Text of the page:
On March 31, 2013 the statute was amended to include “other intoxicating substances.” That means any substance, preparation, or a combination of substances and preparations other than alcohol or a controlled substance that is either of the following:

  • Recognized as a drug in any of the following publications or their supplements: official US pharmacopeia, official homeopathy pharmacopeia of US, official national formulary
  • Substance other than food, taken into a person’s body including but not limited to: vapors or fumes that are used in a manner or for a purpose for which it was not intended and that may result in a condition of intoxication

OWPCS is unique in OWI cases as it does not require proof of “under the influence”—a long-standing foundation of drunk driving law.

Penalties for OWPCS

The penalties for OWPCS are the same as the OWI penalties with the exception that the driver responsibility fees are lower. If convicted a defendant faces up to 93 days in jail $500 in fines plus court and police costs, one-year probation, six points on your driving record, 180 days suspended license (first 30 days a “hard suspension”—no driving, with restrictions for the remainder 150 days), and $1,000 in driver responsibility fees ($500/year for two consecutive years).

Michigan Drugged Driving Attorney

If you have been charged with drugged driving or OWPCS, you need the representation of an experienced OWI attorney who will thoroughly evaluate every aspect of the case including the initial police contact, blood draws, and administration of any field sobriety tests. If you have been charged with any DUI offense contact Austin Legal Services, PLC today to speak to a Michigan OWI attorney.

Representing OWI, drugged driving, and OWPCS charges throughout Michigan in the counties of Ingham, Eaton, Clinton, Gratiot, Calhoun, Jackson, Livingston, Barry, Shiawassee, Genesee, in the cities of Lansing, East Lansing, Mason, St. Johns, Ithaca, Battle Creek, Jackson, Brighton, Howell, Hastings, Corunna, Durand, Flint.

DUI Blood Draws

DUI Blood Draw

Lansing Michigan OWI Defense Attorney

If you have been arrested in Michigan for a DUI, you will be taken into custody where an officer will request you submit to a chemical test of his choosing. It could be breath, blood, or urine. Breath tests are the most common which are done on the DataMaster machine. Blood draws are the next most common. Usually blood draws occur when the driver has been in an accident and the hospital performs one as a part of their standard procedures, the chemical breath machine is not working, hasn’t been calibrated or serviced, or a certified DataMaster operator is unavailable, or the officer suspects the driver of using drugs (because a breath test will only reveal alcohol).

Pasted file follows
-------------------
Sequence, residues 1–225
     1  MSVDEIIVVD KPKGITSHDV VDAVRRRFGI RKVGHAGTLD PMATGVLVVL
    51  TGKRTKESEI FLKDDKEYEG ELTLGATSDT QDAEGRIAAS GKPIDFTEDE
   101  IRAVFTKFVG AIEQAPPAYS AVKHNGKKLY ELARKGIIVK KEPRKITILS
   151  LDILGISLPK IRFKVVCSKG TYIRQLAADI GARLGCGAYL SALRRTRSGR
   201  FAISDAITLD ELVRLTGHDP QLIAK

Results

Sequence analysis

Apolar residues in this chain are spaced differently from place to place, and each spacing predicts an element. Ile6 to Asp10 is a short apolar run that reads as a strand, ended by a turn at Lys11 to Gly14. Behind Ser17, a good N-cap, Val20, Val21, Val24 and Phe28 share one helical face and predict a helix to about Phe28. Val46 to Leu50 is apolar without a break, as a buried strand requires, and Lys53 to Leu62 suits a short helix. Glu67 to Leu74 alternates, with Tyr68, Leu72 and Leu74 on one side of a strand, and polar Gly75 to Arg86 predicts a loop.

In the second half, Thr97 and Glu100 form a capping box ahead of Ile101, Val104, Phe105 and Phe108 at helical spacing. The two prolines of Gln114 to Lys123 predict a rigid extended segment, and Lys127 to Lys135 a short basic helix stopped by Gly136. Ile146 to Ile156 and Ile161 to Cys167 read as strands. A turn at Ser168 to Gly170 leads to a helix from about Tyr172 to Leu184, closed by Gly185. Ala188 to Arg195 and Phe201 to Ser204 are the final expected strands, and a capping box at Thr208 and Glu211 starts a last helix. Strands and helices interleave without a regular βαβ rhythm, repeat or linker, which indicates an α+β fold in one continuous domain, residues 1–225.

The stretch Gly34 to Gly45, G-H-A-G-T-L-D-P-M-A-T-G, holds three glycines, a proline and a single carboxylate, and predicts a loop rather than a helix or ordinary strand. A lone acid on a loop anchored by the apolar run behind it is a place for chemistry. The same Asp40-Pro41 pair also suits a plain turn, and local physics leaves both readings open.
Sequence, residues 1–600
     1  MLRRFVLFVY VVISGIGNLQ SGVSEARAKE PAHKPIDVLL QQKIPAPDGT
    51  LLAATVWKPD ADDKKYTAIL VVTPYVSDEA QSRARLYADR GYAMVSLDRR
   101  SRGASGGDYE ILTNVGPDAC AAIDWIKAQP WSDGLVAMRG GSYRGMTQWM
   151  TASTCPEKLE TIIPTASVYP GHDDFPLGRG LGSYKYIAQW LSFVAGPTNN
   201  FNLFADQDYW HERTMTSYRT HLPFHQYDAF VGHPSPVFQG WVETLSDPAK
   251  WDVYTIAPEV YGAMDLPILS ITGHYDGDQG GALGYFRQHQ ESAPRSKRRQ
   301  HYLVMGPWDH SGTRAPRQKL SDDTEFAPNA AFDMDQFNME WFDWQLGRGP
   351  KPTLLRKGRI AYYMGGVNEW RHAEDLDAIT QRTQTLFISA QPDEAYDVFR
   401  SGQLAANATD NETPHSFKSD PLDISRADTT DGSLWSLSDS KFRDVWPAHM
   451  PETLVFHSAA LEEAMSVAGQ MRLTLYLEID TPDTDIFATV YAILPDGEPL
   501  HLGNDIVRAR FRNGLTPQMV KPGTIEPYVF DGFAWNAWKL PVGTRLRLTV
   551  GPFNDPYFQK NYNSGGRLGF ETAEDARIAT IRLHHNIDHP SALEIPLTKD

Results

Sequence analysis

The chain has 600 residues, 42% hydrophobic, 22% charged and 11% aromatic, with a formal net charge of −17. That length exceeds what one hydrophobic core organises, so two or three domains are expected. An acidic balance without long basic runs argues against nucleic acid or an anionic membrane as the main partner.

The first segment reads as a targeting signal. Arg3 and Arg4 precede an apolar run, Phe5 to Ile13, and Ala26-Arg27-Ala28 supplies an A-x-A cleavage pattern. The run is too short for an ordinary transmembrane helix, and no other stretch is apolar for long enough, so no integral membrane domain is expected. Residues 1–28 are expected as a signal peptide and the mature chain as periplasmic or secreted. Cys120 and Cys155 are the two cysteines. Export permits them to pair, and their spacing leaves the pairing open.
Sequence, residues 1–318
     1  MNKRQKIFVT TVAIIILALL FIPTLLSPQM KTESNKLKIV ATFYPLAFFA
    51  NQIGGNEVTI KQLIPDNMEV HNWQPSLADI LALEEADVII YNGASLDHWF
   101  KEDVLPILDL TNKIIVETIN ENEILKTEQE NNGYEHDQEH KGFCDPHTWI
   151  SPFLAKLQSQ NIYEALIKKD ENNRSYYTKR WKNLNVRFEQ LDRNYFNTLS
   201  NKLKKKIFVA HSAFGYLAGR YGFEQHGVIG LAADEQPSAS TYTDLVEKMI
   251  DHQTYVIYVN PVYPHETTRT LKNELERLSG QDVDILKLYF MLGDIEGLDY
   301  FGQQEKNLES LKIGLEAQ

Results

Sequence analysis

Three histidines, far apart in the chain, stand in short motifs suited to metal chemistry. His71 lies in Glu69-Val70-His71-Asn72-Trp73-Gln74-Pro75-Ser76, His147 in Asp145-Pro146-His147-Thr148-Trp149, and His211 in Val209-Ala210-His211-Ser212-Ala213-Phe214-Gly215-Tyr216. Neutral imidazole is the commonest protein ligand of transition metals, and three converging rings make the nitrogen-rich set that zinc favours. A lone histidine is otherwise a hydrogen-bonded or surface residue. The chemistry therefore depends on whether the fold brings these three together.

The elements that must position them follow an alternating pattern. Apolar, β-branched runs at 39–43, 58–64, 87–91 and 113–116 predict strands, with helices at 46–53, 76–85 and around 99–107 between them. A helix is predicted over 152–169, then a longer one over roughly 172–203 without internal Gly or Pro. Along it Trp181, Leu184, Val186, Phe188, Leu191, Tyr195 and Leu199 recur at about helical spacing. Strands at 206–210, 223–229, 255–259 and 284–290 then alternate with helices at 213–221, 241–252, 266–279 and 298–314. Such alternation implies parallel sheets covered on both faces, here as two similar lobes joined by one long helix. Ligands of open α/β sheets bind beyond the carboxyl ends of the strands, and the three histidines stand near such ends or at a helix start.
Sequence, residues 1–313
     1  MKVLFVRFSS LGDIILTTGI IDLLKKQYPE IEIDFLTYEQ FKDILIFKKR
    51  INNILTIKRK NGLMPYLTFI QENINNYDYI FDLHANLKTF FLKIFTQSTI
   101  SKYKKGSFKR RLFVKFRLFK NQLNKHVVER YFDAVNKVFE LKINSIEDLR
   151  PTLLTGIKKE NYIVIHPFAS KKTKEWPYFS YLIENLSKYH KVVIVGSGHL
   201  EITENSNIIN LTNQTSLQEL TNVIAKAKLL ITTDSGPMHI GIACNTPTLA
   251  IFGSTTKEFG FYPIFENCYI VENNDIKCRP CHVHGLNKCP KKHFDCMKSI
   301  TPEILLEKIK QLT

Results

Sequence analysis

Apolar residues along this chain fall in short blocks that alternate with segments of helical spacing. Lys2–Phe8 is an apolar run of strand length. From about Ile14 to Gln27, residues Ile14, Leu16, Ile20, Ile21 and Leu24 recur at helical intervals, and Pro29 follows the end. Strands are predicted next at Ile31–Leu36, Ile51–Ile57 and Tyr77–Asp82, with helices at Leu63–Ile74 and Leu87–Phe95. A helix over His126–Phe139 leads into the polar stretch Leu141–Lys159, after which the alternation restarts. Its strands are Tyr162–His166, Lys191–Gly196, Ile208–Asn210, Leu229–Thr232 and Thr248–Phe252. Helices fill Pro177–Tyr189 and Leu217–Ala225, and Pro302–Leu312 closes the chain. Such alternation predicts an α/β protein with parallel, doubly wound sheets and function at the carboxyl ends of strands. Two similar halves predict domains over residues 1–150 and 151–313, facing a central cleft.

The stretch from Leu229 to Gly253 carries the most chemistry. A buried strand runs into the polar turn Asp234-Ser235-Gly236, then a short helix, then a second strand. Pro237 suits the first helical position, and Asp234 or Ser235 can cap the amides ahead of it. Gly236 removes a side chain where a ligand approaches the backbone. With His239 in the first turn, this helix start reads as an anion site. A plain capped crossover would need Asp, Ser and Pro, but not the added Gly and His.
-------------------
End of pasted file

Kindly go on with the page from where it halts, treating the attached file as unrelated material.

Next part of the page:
Implied Consent

If you refuse to submit to the officer’s request for a chemical test, you will be in violation of Michigan’s implied consent law and your license will be suspended and six points will be added to your driving record. The police can get a warrant to do a blood draw if you refuse if they present probable cause to a judge. If you submit to the officer’s request, you may have another chemical test performed of your choosing at your expense.

Admissibility of Blood Tests in OWI Cases

In order for blood test results to be admissible in an OWI trial, the prosecution has to prove the following conditions were met:

  • The blood test was taken in a timely manner
  • The sample was from a particular person
  • The blood draw was taken by an authorized physician, medical technologist, or a registered nurse designated by the physician
  • Sterilized instruments were used
  • The sample was properly preserved and labeled
  • Proper methods of transportation were used
  • Proper methods were used in the blood sample withdrawal
  • Identity of the supervising person, under whose care the sample was withdrawn, was established

What Happens in an OWI Blood Draw

It is important that you are represented by an OWI attorney that understands the complex process of blood draws in drunk and drugged driving cases. It is important your attorney knows what to look for and file the proper motions to either suppress the blood tests results for improper procedures or call into question the reliability of the results at trial during cross examination.

Scientific Testing Procedures for Blood Draws

A proper test procedure requires use of a control sample, a test sample, and two analyses of the test sample. A test sample is a sample of a substance at a known concentration. For example, a known ethyl alcohol concentration in blood. A control sample contains all of the substances normally found in the substance to be tested, except for the substance of interest, e.g. ethyl alcohol. The purpose of the control sample is to demonstrate that the test instrument will not reveal a result based on substances common in the tested subject, thus giving a false positive. For blood draws, the control sample is blood without alcohol.

It is important to understand that it is not really the driver’s “blood” that is being analyzed. Rather, it is a comparison of known and unknown volatiles. The Michigan State Police (MSP) Forensic Lab receives a sealed kit with the subject’s blood sample contained in two separate 10ml tubes. The kits are supposed to be mailed by the participating officer via first class mail. Once received and documented by an MSP lab technician, it is placed into a temperature-controlled storage room. It is presumed the tubes contain a known amount of preservative and anti-coagulant (100 mg of sodium fluoride and 20mg of potassium oxalate) in order to preserve the integrity of the sample. One tube will be tested by the MSP and the other tube is available for testing by the defendant if he chooses to. Even at this stage the lab does not have your blood, but a mixture.